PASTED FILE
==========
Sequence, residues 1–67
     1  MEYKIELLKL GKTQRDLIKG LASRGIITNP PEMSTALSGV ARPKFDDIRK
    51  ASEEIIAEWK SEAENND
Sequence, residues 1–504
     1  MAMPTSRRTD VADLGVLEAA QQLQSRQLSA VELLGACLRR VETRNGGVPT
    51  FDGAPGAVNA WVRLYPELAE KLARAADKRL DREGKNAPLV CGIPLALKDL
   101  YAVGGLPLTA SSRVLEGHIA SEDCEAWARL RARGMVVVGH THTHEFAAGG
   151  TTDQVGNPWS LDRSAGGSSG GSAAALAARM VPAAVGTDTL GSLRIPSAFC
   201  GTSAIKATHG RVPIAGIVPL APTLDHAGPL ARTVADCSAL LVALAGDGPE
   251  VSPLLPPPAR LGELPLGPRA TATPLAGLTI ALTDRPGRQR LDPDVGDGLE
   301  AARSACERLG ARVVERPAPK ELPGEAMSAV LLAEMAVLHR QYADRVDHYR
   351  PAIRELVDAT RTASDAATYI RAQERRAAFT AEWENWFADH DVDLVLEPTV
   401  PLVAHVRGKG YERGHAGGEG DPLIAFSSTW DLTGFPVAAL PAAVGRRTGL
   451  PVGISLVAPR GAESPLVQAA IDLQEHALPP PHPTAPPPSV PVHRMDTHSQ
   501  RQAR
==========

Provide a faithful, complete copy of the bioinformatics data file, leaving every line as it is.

Sequence, residues 1–67
     1  MEYKIELLKL GKTQRDLIKG LASRGIITNP PEMSTALSGV ARPKFDDIRK
    51  ASEEIIAEWK SEAENND
Sequence, residues 1–504
     1  MAMPTSRRTD VADLGVLEAA QQLQSRQLSA VELLGACLRR VETRNGGVPT
    51  FDGAPGAVNA WVRLYPELAE KLARAADKRL DREGKNAPLV CGIPLALKDL
   101  YAVGGLPLTA SSRVLEGHIA SEDCEAWARL RARGMVVVGH THTHEFAAGG
   151  TTDQVGNPWS LDRSAGGSSG GSAAALAARM VPAAVGTDTL GSLRIPSAFC
   201  GTSAIKATHG RVPIAGIVPL APTLDHAGPL ARTVADCSAL LVALAGDGPE
   251  VSPLLPPPAR LGELPLGPRA TATPLAGLTI ALTDRPGRQR LDPDVGDGLE
   301  AARSACERLG ARVVERPAPK ELPGEAMSAV LLAEMAVLHR QYADRVDHYR
   351  PAIRELVDAT RTASDAATYI RAQERRAAFT AEWENWFADH DVDLVLEPTV
   401  PLVAHVRGKG YERGHAGGEG DPLIAFSSTW DLTGFPVAAL PAAVGRRTGL
   451  PVGISLVAPR GAESPLVQAA IDLQEHALPP PHPTAPPPSV PVHRMDTHSQ
   501  RQAR